Condiment consumers are facing the prospect of fewer jars of mustard on the shelves, as yields have dropped and seed availability has tightened.

Last year's mustard seed stocks are depleting whilst this year's crop looks to be anything but bumper. The issue stems from the Canadian prairies, where the majority of the world's mustard seeds for export are grown. The area of mustard grown is focused on Saskatchewan and Alberta which reduced the area planted last year and severe summer droughts have pulled yields below average.

Last year Saskatchewan grew around 300,000 acres of mustard seeds which is 100,000 acres less than the 10 year average. The hot and dry weather in summer pulled yields down to only 35% of the ten year average, according to the Department of Agricultural at the University of Saskatchewan in Saskatoon. This year the area grown has bounced back, but the supply is still estimated to be tight.

This has pushed prices to triple what they were a year ago. A hundredweight of yellow mustard seeds (45kg) is now selling for $150 (£125) compared to $50 (£42) last year. Brown mustard seed (needed for Dijon) has risen more sharply to $182.33 per hundredweight compared to $45 last year. Most of the seeds are exported across the globe for mustard production in other countries, with France the biggest importer.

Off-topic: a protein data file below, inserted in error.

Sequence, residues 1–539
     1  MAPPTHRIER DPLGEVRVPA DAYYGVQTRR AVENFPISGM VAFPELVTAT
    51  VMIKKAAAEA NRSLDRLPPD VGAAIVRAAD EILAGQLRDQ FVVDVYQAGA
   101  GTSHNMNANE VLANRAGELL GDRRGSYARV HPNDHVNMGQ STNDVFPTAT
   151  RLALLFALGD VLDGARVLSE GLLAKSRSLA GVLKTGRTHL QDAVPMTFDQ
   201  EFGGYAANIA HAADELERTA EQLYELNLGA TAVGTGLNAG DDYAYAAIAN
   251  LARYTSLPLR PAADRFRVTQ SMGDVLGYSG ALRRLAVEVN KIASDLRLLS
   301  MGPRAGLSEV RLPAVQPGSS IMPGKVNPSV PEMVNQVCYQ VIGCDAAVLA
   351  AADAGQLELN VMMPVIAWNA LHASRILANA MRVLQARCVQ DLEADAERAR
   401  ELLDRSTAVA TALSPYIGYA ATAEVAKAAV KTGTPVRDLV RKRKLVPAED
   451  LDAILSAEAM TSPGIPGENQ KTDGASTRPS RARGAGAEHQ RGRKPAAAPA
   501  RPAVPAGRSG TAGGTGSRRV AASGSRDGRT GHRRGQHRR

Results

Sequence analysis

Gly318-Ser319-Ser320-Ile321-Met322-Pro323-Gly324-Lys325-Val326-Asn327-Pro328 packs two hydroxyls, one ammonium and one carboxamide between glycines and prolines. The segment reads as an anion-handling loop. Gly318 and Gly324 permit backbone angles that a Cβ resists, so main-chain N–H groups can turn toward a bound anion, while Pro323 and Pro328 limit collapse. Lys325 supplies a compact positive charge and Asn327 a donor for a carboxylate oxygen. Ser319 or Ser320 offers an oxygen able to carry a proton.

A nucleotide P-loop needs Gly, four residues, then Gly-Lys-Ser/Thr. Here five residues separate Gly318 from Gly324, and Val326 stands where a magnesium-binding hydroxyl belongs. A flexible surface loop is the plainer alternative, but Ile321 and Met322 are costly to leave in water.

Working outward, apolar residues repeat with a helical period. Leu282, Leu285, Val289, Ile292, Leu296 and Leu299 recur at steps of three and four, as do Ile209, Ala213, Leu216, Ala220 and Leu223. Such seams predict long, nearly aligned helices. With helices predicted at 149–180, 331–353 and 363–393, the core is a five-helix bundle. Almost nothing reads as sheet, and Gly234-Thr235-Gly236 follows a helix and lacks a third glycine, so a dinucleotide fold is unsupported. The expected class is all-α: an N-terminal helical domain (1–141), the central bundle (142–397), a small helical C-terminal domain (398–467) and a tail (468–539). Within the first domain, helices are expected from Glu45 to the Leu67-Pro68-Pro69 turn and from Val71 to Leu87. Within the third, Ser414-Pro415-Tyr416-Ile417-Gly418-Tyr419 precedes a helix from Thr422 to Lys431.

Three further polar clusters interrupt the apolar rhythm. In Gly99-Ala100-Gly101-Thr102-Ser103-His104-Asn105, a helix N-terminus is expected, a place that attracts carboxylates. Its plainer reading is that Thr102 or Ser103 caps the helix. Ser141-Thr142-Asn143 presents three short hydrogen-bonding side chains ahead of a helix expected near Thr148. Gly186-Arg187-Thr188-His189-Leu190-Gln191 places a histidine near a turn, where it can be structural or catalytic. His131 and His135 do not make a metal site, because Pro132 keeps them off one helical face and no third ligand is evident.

Eric Giesbrecht a chef and owner of the Brassica Mustard company in Canada said he had to pay 400% more for his seeds this year than last due to the shortage.

The shortage is being most acutely felt in France who rely on Canada for the raw ingredients to make their mustard. Director of Reine de Dijon Mustard manufacturer and president of the Burgundy Mustard Association, Luc Vandermaesen, said: “The main issue is climate change and the result is this shortage. We can't respond to the orders we get, and retail prices are up as much as 25% reflecting the soaring cost of seeds.”

Mustard is a staple on the French kitchen table with the average person getting through one kilo of the condiment per year, equivalent to five jars. The shortage is driving some in the sector, such as Paul-Oliver Claudepierre, who co-owns Martin-Pouret mustards and vinegars to demand 'relocalising production'. He said: "We cultivate, thousands of kilometers away, a seed that we are going to harvest, bring to a port, transport across the ocean in containers, in order to transform it at home. That costs a lot, and what a great carbon toll."

When asked what makes mustard so indispensable to French cuisine, they say it’s the mustard kick, or as French describe it, 'ça me monte au nez' – 'it's rising into my nose'.